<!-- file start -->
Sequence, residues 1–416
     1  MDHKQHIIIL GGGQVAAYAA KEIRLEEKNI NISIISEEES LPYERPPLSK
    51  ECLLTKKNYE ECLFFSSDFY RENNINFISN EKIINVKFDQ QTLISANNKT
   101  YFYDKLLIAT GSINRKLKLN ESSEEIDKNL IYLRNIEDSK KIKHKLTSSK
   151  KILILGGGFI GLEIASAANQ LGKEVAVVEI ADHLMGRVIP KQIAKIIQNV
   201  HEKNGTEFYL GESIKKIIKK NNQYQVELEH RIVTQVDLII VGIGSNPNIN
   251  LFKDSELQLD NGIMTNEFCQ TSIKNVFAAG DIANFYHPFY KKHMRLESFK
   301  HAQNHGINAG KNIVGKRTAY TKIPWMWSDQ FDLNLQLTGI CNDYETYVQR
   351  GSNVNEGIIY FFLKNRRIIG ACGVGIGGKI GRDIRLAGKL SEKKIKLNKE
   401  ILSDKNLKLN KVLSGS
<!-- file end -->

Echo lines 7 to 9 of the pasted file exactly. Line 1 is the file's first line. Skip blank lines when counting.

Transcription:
   251  LFKDSELQLD NGIMTNEFCQ TSIKNVFAAG DIANFYHPFY KKHMRLESFK
   301  HAQNHGINAG KNIVGKRTAY TKIPWMWSDQ FDLNLQLTGI CNDYETYVQR
   351  GSNVNEGIIY FFLKNRRIIG ACGVGIGGKI GRDIRLAGKL SEKKIKLNKE